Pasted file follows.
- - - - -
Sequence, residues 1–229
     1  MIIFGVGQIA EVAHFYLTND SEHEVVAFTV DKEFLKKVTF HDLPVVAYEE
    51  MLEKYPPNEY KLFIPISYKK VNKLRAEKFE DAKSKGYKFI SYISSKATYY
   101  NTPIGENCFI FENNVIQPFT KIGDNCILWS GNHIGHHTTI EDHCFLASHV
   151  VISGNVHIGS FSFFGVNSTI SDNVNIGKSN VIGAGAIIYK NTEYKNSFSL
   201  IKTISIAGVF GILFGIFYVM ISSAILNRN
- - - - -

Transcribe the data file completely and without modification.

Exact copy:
Sequence, residues 1–229
     1  MIIFGVGQIA EVAHFYLTND SEHEVVAFTV DKEFLKKVTF HDLPVVAYEE
    51  MLEKYPPNEY KLFIPISYKK VNKLRAEKFE DAKSKGYKFI SYISSKATYY
   101  NTPIGENCFI FENNVIQPFT KIGDNCILWS GNHIGHHTTI EDHCFLASHV
   151  VISGNVHIGS FSFFGVNSTI SDNVNIGKSN VIGAGAIIYK NTEYKNSFSL
   201  IKTISIAGVF GILFGIFYVM ISSAILNRN